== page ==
Tuesday, May 28, 2019

The New Hazardous Waste: Electronic Waste Essay -- Technology Technol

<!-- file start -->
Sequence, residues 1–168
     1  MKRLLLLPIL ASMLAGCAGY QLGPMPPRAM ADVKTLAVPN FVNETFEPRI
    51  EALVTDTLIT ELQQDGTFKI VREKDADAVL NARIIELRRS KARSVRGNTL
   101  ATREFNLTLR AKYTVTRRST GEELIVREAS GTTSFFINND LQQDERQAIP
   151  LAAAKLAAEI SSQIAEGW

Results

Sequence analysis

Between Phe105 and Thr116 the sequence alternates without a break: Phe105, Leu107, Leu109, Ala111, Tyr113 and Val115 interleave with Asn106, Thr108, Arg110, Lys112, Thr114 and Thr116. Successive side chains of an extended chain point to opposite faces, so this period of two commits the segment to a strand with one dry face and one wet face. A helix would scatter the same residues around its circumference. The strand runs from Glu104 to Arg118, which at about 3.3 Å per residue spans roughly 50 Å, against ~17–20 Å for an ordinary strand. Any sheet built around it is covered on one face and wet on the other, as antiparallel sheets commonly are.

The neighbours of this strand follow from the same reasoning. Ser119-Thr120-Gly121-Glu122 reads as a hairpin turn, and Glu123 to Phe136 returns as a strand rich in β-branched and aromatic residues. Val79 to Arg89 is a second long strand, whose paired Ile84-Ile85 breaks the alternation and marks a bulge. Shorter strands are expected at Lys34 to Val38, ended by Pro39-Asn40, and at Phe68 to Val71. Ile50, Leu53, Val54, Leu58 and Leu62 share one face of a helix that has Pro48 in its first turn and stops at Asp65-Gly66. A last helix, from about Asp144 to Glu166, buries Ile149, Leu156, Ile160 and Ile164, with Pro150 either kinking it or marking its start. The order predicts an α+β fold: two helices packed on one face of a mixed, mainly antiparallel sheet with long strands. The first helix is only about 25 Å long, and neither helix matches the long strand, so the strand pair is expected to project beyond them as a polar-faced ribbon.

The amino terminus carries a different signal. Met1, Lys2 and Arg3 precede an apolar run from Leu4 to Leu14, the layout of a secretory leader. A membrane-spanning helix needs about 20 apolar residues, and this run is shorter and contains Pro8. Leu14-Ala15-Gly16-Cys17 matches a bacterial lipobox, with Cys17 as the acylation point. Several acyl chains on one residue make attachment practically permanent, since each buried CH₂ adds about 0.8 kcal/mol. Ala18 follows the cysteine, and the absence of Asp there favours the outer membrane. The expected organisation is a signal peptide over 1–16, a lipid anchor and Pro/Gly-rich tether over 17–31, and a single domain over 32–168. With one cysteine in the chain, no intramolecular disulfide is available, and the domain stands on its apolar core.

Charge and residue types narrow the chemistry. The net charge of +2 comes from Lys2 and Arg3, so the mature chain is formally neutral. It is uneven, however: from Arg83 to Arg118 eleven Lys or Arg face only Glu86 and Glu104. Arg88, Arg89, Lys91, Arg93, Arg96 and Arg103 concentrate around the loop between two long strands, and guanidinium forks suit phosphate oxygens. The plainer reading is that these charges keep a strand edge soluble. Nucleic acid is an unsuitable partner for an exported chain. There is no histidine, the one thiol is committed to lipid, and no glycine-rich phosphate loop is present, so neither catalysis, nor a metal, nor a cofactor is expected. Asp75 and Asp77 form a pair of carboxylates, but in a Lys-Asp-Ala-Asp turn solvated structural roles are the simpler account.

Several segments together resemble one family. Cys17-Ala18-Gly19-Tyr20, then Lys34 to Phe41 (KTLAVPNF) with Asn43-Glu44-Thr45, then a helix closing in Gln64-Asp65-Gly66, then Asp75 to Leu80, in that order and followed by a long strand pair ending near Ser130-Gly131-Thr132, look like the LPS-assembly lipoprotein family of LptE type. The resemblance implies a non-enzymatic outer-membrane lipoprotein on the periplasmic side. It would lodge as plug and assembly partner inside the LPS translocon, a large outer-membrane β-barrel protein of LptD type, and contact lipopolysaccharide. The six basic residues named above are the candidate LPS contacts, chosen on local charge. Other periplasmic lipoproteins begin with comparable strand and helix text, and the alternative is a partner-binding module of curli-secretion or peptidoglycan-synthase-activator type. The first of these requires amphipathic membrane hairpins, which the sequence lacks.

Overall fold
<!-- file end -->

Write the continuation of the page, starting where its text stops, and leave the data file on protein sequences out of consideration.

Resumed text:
The new(a) Hazardous drive out Electronic Waste Technology has opened human earthly concern to greater ideas and recognizeledge than we ever thought was possible. Technological advances in everything from medicinal drug to the distribution of randomness have made for a better and more at ease life. Computers and the use of the internet has created a global net attain in which people half-way across the globe from each other can communicate and share information instantaneously. In 1965 Gordon Moore, one of the founding members of the Intel corporation, observed and proclaimed that the processing creator of computers was doubling every 18 months. Labeled as Moores Law, this trend continues to this day. This equity and the mindset that everyone needs the newest fastest sharpest computer has created a global dangerous waste conundrum predicted to be the largest toxic waste problem of the 21st century.1 The problem commonly referred to as electronic waste, or e-wa ste, consists of the hazardous materials and plastics that computers and other electronic items are made of. Being that this is such a relatively new problem, non many people outside of those in large electronic companies, those who work in landfills, and people overseas in China, Indonesia, and other Asian countries where the waste is shipped know of the problem. If the worlds population is not educated and recycling or reuse programs are not initiated, catastrophe on a global take is possible. Few steps have been made to solve this problem, and the question of who is responsible, the consumer or the producer, is a valid and interesting topic to be explored. Come along as the hazardous world of e-waste is explored with background, as well as solutions and ideas for the future. ... ...eek, 4/16/2001, Vol. 8 unfreeze 15, p46.4. Gawel, Richard. Groups Aim to Make Molehill Out of Mountain of Electronic Waste. Electronic Design, 02/19/2001, Vol. 19 hump 4, p34.5. Bartholomew , Doug. Computer Makers Tackle E-Waste. pains Week/IW, Jan2004, Vol. 253 Issue 1, p60, 1pOther ResourcesCrozier, Ry. Passing the Buck. Electronic News (North America), 7/28/2003, Vol. 49 Issue 30.E-Waste Reuse. Industry Week/IW, Jan2003, Vol. 252 Issue 1, p19.Elgin, Ben. The Information Ages Toxic Garbage. Business Week, 10/6/2003 Issue 3852, p54.Long Awaited Electronic Waste Recycling first step is Approved. Professional Engineering, 4/17/2002, Vol. 15 Issue 7, p5.NSWMA Adopts e-Waste Disposal course of instruction. Professional Safety, Nov2003, Vol. 48 Issue 11.Paper, Plastic, Or TV? Environment, Sep2002, Vol. 44 Issue 7, p7 The New Hazardous Waste Electronic Waste Essay -- Technology TechnolThe New Hazardous Waste Electronic Waste Technology has opened human existence to greater ideas and knowledge than we ever thought was possible. Technological advances in everything from medicine to the distribution of information have made for a better and m ore convenient life. Computers and the use of the internet has created a global network in which people half-way across the globe from each other can communicate and share information instantaneously. In 1965 Gordon Moore, one of the founding members of the Intel corporation, observed and proclaimed that the processing power of computers was doubling every 18 months. Labeled as Moores Law, this trend continues to this day. This law and the mindset that everyone needs the newest fastest sharpest computer has created a global hazardous waste problem predicted to be the largest toxic waste problem of the 21st century.1 The problem commonly referred to as electronic waste, or e-waste, consists of the hazardous materials and plastics that computers and other electronic items are made of. Being that this is such a relatively new problem, not many people outside of those in large electronic companies, those who work in landfills, and people overseas in China, Indonesia, and other Asian cou ntries where the waste is shipped know of the problem. If the worlds population is not educated and recycling or reuse programs are not initiated, catastrophe on a global level is possible. Few steps have been made to solve this problem, and the question of who is responsible, the consumer or the producer, is a valid and interesting topic to be explored. Come along as the hazardous world of e-waste is explored with background, as well as solutions and ideas for the future. ... ...eek, 4/16/2001, Vol. 8 Issue 15, p46.4. Gawel, Richard. Groups Aim to Make Molehill Out of Mountain of Electronic Waste. Electronic Design, 02/19/2001, Vol. 19 Issue 4, p34.5. Bartholomew, Doug. Computer Makers Tackle E-Waste. Industry Week/IW, Jan2004, Vol. 253 Issue 1, p60, 1pOther ResourcesCrozier, Ry. Passing the Buck. Electronic News (North America), 7/28/2003, Vol. 49 Issue 30.E-Waste Reuse. Industry Week/IW, Jan2003, Vol. 252 Issue 1, p19.Elgin, Ben. The Information Ages Toxic Garbage. Bus iness Week, 10/6/2003 Issue 3852, p54.Long Awaited Electronic Waste Recycling Initiative is Approved. Professional Engineering, 4/17/2002, Vol. 15 Issue 7, p5.NSWMA Adopts e-Waste Disposal Program. Professional Safety, Nov2003, Vol. 48 Issue 11.Paper, Plastic, Or TV? Environment, Sep2002, Vol. 44 Issue 7, p7

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